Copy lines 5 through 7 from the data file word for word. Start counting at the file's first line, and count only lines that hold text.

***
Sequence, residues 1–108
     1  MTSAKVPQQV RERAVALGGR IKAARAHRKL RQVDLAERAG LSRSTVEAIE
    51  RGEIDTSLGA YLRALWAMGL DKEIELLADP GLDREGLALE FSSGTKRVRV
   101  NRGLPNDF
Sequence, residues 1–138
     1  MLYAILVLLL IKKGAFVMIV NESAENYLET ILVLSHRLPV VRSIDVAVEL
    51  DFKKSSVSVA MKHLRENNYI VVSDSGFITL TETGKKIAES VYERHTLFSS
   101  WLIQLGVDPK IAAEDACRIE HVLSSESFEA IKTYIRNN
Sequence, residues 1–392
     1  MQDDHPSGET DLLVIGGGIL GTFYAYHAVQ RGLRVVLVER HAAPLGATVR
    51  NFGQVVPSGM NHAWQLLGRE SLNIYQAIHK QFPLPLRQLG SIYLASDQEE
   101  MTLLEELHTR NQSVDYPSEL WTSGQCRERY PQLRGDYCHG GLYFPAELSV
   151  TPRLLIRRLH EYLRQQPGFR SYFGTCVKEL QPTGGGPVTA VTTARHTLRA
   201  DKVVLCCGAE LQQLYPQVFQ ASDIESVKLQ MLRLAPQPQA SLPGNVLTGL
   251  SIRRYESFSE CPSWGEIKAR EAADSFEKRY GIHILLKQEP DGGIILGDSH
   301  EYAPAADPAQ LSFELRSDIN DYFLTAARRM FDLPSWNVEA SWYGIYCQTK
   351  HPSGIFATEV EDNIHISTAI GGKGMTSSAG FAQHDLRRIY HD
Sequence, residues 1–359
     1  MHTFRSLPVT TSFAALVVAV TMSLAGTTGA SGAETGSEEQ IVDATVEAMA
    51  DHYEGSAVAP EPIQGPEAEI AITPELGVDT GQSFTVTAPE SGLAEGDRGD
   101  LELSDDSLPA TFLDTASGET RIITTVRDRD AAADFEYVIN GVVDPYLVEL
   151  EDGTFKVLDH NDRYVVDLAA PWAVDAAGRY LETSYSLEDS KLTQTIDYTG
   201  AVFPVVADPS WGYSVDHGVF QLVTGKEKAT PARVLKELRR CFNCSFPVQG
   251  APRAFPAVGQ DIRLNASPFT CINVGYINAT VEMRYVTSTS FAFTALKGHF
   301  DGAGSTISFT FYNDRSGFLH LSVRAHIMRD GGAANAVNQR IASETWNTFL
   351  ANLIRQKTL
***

Sequence, residues 1–138
     1  MLYAILVLLL IKKGAFVMIV NESAENYLET ILVLSHRLPV VRSIDVAVEL
    51  DFKKSSVSVA MKHLRENNYI VVSDSGFITL TETGKKIAES VYERHTLFSS